He will have to go on a punishing regime to adopt Owen’s sinewy physicality, but he relishes the process.  “It’s going to be a lot of hard work,” he says.  “But it’s exactly the kind of story I want to tell.”  He pauses, finishes his orange juice and takes in the sun for a second.  “But next I want to discover a history before slavery, when black people were running things,” he says.  It sounds like he isn’t far off.

(This interview appears in the April issue of i-D magazine.  Reproduced with permission.)

For a full cast list of Half Of A Yellow Sun click here

John Boyega confirmed to star in Star Wars Episode VII

Femi Oyeniran

femiex2webFemi Oyeniran is a London-based actor who has starred in hit films including Kidulthood, Adulthood, 4,3,2,1 and Anuvahood. But Femi has also made the move from acting, to writing and co-directing his first feature being  It’s A Lot in which he also starred.

But things could have gone in a very different direction if Oyeniran had followed his parent’s careers advice. He completed  a law degree at the London School of Economics (LSE) in 2008, but after graduating decided to focus on acting. Femi had already starred in genre-defining films Kidulthood and Adulthood with Noel Clarke and Adam Deacon where he is best known for his role as ‘Moony’.

From his experience as an actor, Femi decided there was a lack of projects portraying a rounded view of the Inner City London Experience. His first project was a semi-autobiographical short film called Fresh off the Boat, which was nominated as part of the 2009 Film London ‘Best of Borough’ awards. The film tackles the issue of the cultural difficulties faced by young immigrants in London schools; – a topic very personal to Femi as he moved to England from Nigeria, at the age of ten.

In 2010, Oyeniran and a collective of his creative friends decided to develop an online chat show concept called Cut the Chat ( This website is uploaded with original content every week and has already accumulated over half a million views.

Oyeniran has also made numerous television appearances  on such programmes as The Daily Politics, The Today Programme, BBC Breakfast (teenage pregnancy for Kidulthood promo), Sky News and BBC News 24 to discuss youth culture in London. In 2006, Oyeniran was invited to speak alongside David Cameron at a Centre for Social Justice Event, “Thugs: Beyond Redemption?”  For the past 18 months, Femi has run a weekly film and acting workshop at a Young Offenders Institution.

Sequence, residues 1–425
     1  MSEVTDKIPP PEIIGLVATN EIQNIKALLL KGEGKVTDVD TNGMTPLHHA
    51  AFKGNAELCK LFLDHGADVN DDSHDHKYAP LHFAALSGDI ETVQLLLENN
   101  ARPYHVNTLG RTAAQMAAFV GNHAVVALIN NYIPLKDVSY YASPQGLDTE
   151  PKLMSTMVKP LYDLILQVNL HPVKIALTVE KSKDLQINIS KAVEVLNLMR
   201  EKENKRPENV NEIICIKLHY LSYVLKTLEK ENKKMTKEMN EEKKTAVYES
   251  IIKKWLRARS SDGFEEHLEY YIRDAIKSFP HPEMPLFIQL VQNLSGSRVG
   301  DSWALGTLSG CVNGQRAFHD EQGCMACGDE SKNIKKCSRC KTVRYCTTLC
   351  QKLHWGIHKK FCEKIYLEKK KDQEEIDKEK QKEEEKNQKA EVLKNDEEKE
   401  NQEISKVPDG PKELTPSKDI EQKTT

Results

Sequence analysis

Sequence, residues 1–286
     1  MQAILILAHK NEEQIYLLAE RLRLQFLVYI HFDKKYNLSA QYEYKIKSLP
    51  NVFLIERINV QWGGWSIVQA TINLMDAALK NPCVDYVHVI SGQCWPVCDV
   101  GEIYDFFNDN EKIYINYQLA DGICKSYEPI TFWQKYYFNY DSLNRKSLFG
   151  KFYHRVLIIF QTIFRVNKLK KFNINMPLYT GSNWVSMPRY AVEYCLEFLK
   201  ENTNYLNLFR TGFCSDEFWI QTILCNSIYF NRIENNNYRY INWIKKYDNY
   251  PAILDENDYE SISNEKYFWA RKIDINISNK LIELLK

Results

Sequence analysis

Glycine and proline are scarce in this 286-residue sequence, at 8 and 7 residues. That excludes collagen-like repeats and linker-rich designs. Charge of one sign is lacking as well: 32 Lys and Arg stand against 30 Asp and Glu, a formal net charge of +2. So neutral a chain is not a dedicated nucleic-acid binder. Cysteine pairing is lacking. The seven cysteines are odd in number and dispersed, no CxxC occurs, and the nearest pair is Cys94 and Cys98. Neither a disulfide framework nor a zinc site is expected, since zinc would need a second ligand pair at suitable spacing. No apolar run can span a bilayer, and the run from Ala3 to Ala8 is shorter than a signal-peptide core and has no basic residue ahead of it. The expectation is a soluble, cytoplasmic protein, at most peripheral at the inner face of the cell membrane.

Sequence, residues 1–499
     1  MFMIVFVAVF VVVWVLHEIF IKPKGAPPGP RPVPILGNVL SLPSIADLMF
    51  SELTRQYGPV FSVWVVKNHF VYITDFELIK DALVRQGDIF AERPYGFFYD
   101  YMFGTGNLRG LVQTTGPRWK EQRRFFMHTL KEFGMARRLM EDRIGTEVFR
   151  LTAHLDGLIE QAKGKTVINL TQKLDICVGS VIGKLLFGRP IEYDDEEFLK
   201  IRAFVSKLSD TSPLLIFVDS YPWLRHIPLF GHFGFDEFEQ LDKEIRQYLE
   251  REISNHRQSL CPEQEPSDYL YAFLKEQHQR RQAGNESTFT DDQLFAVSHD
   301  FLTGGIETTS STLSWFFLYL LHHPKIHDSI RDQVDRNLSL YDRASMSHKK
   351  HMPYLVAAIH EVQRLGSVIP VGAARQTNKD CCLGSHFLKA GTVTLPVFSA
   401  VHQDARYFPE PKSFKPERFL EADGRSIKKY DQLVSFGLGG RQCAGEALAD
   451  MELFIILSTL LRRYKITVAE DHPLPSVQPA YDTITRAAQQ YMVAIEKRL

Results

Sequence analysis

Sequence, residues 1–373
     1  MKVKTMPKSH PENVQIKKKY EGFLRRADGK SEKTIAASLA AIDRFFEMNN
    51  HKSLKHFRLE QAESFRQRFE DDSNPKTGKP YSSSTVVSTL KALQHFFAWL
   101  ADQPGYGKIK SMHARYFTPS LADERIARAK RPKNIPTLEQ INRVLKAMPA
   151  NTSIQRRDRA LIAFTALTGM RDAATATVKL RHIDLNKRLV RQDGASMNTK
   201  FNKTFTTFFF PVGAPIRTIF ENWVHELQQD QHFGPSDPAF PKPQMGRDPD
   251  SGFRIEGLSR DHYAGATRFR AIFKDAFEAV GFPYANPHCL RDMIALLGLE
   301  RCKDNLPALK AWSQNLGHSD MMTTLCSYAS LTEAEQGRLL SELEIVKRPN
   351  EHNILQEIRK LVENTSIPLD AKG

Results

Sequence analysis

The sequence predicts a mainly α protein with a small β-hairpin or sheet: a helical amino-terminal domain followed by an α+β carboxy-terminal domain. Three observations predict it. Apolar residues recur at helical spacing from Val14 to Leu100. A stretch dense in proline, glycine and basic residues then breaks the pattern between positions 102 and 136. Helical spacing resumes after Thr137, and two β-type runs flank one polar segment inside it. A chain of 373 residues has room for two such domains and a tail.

During the same period Oyeniran shot a feature length documentary about fatherhood in the black community. This was the brainchild of Tottenham MP David Lammy and featured such personalities as Trevor McDonald, Tinie Tempah and Spike Lee amongst others.

its-a-lot-filmHaving starred in Demons Never Die and Anuvahood, Femi embarked on writing his first feature film. It’s A Lot is a feel good teen comedy inspired by Femi’s love of 1980’s classics such as Ferris Bueller’s Day Off, Risky Business and House Party. The film received it’s theatrical release in October 2013 and was released for home entertainment in February 2014. Oyeniran plays the lead and also co-directed. Last summer Oyeniran filmed Taking Stock by award winning director Meave Murphy, starring alongside Kelly Brook, Scot Williams and Georgia  Groome. Oyeniran is currently putting the finishing touches to the script for The New Black Sheep, a film based on the London riots due to go into production this year.
Keep an eye open for this Black British rising star.